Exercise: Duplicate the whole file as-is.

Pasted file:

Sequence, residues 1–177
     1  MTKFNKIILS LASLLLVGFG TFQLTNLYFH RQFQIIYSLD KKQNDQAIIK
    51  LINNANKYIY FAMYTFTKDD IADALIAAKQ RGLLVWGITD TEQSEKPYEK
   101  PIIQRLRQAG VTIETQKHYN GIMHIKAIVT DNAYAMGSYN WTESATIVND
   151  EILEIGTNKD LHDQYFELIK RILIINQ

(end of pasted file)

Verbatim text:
Sequence, residues 1–177
     1  MTKFNKIILS LASLLLVGFG TFQLTNLYFH RQFQIIYSLD KKQNDQAIIK
    51  LINNANKYIY FAMYTFTKDD IADALIAAKQ RGLLVWGITD TEQSEKPYEK
   101  PIIQRLRQAG VTIETQKHYN GIMHIKAIVT DNAYAMGSYN WTESATIVND
   151  EILEIGTNKD LHDQYFELIK RILIINQ